1. Lurie DI. An Integrative Approach to Neuroinflammation in Psychiatric disorders and Neuropathic Pain. J Exp Neurosci. 2018;12:1179069518793639. Published 2018 Aug 13. doi:10.1177/1179069518793639
  2. Benedetti F, Aggio V, Pratesi ML, Greco G, Furlan R. Neuroinflammation in Bipolar Depression. Front Psychiatry. 2020;11:71. Published 2020 Feb 26. doi:10.3389/fpsyt.2020.00071
  3. Rosenblat JD, McIntyre RS. Bipolar Disorder and Immune Dysfunction: Epidemiological Findings, Proposed Pathophysiology and Clinical Implications. Brain Sci. 2017;7(11):144. Published 2017 Oct 30. doi:10.3390/brainsci7110144
  4. Benros ME, Waltoft BL, Nordentoft M, et al. Autoimmune Diseases and Severe Infections as Risk Factors for Mood Disorders: A Nationwide Study. JAMA Psychiatry. 2013;70(8):812–820. doi:10.1001/jamapsychiatry.2013.1111
  5. Levin A. Researchers Consider Infection as One Cause of Depression. Psychiatric News. March 20, 2015.
  6. Kim J, Ko I, Kim MS, Yu MS, Cho B, Kim D. Association of Chronic Rhinosinusitis With Depression and Anxiety in a Nationwide Insurance Population. JAMA Otolaryngol Head Neck Surg. Published online February 07, 2019145(4):313–319. doi:10.1001/jamaoto.2018.4103
  7. Breitschwerdt, E. B., Greenberg, R., Maggi, R. G., Mozayeni, B. R., Lewis, A., & Bradley, J. M. (2019). Bartonella henselae Bloodstream Infection in a Boy With Pediatric Acute-Onset Neuropsychiatric Syndrome. Journal of Central Nervous System Disease.
  8. Okusaga O, Yolken RH, Langenberg P, et al. Association of seropositivity for influenza and coronaviruses with history of mood disorders and suicide attempts. J Affect Disord. 2011;130(1-2):220–225. doi:10.1016/j.jad.2010.09.029
Sudden Mood Changes

“Infections may be the driving force behind some mental health disorders including major depression and bipolar disorder.” 1

Recognizing autoimmune-induced neuropsychiatric symptoms like depression and sudden mood changes
How can an infection cause sudden mood changes?

Learn more about how infections can trigger neuropsychiatric symptoms

Cunningham Panel helps identify an autoimmune disorder in child initially diagnosed with schizophrenia

Cunningham Panel™ helps identify an autoimmune disorder in child initially diagnosed with schizophrenia

Researchers describe a complex case involving a 15-year-old girl, who abruptly developed multiple neurologic and psychiatric symptoms.

Autoimmune diseases and severe infections as risk factors for mood disorders: a nationwide study

Autoimmune diseases and severe infections as risk factors for mood disorders: a nationwide study

This nationwide, population-based, prospective cohort study examines the link between mood disorders, infections, and autoimmune disease.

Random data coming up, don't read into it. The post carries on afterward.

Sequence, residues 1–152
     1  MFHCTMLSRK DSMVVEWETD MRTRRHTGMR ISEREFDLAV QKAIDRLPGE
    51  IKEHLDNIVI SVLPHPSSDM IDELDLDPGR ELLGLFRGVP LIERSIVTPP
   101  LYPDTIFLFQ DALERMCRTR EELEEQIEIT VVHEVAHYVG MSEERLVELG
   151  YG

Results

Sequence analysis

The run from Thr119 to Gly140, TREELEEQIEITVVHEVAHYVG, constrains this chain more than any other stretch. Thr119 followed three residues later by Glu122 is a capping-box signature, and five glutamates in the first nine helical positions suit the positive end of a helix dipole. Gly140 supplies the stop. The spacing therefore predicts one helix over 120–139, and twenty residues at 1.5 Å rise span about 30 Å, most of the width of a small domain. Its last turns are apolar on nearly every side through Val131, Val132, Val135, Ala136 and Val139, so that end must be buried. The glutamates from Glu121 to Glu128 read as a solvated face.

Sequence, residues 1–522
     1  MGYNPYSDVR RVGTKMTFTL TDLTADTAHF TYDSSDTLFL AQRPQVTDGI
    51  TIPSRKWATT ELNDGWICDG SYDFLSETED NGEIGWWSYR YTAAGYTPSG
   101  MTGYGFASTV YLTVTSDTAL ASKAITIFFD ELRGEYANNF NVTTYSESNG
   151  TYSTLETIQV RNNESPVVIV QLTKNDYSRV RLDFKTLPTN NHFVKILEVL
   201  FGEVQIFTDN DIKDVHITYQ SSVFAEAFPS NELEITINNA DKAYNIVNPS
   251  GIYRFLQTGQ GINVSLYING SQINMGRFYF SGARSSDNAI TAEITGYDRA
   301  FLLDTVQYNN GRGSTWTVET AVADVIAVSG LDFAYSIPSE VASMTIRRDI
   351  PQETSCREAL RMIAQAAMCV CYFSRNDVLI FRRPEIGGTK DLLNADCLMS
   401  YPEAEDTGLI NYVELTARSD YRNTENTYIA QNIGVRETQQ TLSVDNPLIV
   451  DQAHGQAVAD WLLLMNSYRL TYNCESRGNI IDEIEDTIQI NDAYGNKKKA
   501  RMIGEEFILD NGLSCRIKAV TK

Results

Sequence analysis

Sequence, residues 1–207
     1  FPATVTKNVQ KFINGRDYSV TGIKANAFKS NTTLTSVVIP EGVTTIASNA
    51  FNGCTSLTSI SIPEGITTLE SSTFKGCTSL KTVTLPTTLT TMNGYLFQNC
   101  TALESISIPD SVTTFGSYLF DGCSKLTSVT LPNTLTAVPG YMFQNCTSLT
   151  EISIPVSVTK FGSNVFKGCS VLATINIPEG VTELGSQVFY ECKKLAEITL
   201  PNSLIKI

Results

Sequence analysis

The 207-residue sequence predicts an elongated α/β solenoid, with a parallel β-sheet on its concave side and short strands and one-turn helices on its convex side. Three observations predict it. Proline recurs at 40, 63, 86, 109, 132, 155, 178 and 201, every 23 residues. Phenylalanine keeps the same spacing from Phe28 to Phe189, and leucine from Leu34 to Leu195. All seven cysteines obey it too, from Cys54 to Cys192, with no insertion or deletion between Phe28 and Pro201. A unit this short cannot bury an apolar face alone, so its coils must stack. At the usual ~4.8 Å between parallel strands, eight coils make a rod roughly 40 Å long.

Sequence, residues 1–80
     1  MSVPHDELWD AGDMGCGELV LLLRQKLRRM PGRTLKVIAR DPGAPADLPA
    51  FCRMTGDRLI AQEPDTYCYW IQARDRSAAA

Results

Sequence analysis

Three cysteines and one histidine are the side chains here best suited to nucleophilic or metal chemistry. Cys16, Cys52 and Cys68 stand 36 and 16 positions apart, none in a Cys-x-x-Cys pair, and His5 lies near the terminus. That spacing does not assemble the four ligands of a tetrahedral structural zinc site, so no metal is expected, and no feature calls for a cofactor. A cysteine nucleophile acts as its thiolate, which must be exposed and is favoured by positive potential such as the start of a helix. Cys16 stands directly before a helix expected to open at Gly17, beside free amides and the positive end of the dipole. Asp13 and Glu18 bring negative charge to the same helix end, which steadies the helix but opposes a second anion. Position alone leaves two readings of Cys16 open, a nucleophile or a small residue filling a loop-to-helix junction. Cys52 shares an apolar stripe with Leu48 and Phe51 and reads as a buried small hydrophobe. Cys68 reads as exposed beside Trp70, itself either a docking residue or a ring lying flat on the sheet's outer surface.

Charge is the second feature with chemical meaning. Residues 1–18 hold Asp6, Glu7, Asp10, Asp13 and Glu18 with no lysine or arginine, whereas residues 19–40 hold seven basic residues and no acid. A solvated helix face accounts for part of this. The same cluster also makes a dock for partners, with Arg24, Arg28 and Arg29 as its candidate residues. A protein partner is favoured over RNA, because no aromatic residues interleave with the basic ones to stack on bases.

Childhood infections can increase risk of mental illness in kids

Childhood infections can increase risk of mental illness in kids

Nationwide study finds both mild and severe infections can increase risk of mental disorders in children and adolescents.

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    The Cunningham Panel™ – Antibody testing that helps determine whether an autoimmune response may be triggering neurologic and/or psychiatric symptoms. 

B. Robert Mozayeni, MD

Medical and Clinical Advisor

B. Robert Mozayeni MD

Dr. B. Robert Mozayeni was trained in Internal Medicine and Rheumatology at Yale and at NIH. He has had pre- and post-doctoral Fellowships in Molecular Biophysics and Biochemistry at Yale, and also at NIH where he was a Howard Hughes Research Scholar at LMB/DCBD/NCI and later, Senior Staff Fellow at LMMB/NHLBI/NIH. Editorial board of Infectious Diseases – Surveillance, Prevention and Treatment. Past President of the International Lyme and Associated Diseases Society (ILADS).

He is an expert in Translational Medicine, the science and art of advancing medical science safely and efficiently. He is a Fellow of the non-profit Think Lead Innovate Foundation and is a co-founder of the Foundation for the Study of Inflammatory Diseases. He is a Founder of the Foundation for the Study of Inflammatory Diseases to crowd-source medical solutions for complex conditions using existing knowledge, diagnostic methods, and therapies to meet patient needs immediately. He is the Chief Medical Officer of Galaxy Diagnostics, LLC. He is a Board member of the Human-Kind Alliance. Dr. Mozayeni has held admitting privileges (since 1994) on the clinical staff of Suburban Hospital, a member of Johns Hopkins Medicine and an affiliate of the National Institutes of Health Clinical Center.